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I know absolutely nothing about honey..

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  • I know absolutely nothing about honey..

    Is honey (the raw/organic kind) ok on PB in moderation? I've never been a big honey fan at all and would have expected because its so high in sugar that its an absolute no-no but I see some recipes on here that call for it...Is it one of those ingredients that are ok in moderation? and why is it ok in moderation if its got so much sugar? (Sorry for my ignorance on this, like I said...I never really eat honey ever...but I want to make one or two cake alternatives that call for it)
    The pain of discipline or the pain of regret? You choose.

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  • #2
    I hear you can catch flies with it. Those would probably be healthier for you.

    *insert "but indigenous peoples eat honey and it's natural and real food, etc ad nauseum"*

    Sugar's a slippery slope but fortunately only about 1/3 of honey is fructose, that fructose is in sucrose (so not free fructose, the worst kind) and the great thing about honey is that a little bit goes a long way in cooking, so that would probably be the best pick for a caloric sweetener. Sugar is a quantity x quality thing. Fast absorbing is bad but if it's only a bit there isn't much harm done as long as the super-deadly crap is gone from the diet and general nutrition is good. Some people on high fat diets are ultra-sensitive to even a little bit of it so try it out and see how you react.
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    • #3
      raw and unfiltered is the way to go. it's probably your best choice for adding a LITTLE sweetness (if, like me you think stevia tastes terrible).

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      • #4
        There is something about honey, which had me eating it as my only carb (except for some fruit) for awhile.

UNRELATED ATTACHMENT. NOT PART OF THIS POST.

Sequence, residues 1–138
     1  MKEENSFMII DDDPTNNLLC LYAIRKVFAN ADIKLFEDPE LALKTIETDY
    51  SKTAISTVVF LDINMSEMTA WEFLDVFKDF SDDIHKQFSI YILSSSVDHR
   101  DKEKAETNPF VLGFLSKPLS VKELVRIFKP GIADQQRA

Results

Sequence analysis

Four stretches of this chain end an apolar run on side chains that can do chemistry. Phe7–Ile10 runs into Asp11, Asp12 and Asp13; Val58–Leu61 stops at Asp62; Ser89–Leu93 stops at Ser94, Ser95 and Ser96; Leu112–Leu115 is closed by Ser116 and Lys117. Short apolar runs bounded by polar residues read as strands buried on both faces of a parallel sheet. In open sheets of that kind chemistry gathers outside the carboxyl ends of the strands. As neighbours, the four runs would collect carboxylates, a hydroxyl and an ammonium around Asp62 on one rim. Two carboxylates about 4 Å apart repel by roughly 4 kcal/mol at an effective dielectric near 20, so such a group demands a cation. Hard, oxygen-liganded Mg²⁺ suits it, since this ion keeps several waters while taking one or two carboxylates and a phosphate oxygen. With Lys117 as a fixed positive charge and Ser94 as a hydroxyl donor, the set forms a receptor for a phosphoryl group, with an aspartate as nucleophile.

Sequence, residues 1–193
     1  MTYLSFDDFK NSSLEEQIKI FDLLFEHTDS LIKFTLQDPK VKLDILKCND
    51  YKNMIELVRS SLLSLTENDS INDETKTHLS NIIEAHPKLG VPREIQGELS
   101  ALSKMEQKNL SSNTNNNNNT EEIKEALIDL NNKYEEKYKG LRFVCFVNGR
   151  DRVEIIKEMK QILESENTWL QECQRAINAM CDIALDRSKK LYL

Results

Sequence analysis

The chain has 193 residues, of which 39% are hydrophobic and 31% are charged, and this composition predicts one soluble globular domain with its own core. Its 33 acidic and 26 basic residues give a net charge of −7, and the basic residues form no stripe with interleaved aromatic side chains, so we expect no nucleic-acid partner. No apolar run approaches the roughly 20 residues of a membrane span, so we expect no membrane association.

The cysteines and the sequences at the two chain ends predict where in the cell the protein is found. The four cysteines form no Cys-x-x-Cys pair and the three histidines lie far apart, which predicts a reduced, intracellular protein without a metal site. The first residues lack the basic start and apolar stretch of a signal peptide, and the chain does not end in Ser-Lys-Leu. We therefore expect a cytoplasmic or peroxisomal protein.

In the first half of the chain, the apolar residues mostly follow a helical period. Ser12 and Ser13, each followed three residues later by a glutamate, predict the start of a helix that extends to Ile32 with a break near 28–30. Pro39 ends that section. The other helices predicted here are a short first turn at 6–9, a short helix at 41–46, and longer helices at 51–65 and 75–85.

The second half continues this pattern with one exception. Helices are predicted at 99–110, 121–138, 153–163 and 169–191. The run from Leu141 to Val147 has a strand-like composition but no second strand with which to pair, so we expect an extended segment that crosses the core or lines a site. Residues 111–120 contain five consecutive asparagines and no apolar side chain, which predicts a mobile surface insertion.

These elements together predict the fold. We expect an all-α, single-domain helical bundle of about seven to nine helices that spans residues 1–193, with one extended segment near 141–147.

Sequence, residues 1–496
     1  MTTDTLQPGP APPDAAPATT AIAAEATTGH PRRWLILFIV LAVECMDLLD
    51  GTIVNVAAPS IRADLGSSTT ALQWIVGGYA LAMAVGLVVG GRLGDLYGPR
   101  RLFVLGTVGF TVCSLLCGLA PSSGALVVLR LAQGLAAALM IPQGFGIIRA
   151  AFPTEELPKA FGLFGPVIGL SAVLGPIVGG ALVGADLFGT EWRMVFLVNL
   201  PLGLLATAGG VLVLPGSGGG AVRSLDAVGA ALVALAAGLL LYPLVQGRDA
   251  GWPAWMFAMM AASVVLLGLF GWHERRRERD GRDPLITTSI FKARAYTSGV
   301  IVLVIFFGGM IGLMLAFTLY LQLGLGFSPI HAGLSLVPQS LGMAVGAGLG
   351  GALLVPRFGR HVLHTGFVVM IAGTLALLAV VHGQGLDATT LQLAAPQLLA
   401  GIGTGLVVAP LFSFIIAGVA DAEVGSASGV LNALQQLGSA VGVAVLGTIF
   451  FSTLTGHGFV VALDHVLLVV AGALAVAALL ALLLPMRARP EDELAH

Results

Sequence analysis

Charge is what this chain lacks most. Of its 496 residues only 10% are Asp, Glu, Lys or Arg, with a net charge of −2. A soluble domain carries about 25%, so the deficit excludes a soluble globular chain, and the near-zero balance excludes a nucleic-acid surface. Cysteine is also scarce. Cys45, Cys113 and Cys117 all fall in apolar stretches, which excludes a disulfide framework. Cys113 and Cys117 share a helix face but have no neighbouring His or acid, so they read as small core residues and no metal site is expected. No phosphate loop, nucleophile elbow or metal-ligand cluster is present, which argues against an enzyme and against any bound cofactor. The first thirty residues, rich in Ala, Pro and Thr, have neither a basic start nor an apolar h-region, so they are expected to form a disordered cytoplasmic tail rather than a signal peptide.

People with severe digestive problems (such as Crohn's, irritable bowel, etc.) have trouble splitting apart starches and disaccharides. Sugar and lactose are both disaccharides. Since starches and disaccharides can't be absorbed into the gut lining until they are split into simple sugars, people who can't split them apart (the enzymes are hidden under a mucus layer which is trying to protect the gut lining from evil flora) can't absorb them. So they hang around feeding the "evil-doers" in a vicious cycle.

        I read a good book by Elaine Gottschall, explaining all of this. It's why people with ulcerative colitis, Crohn's, etc., do fairly well with protein and fat, but just horribly with starches. The book is called, "Breaking the Vicious Cycle." If you want to see some heartfelt testimonials, go read the Amazon page for that book. The system she advocates is called the "Specified Carbohydrate Diet."

        Honey is allowed because although it has two simple sugars in it (fructose and glucose, just like table sugar) an enzyme keeps them apart, so they can be absorbed. So I ate honey and fruit (plus the rest of my diet was low carb) and my hay fever just vanished. Healed the leaky gut.

        And that's why I still like honey, in moderation. The fructose has some problems for insulin resistance, of course.

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        • #5
          Originally posted by moonablaze View Post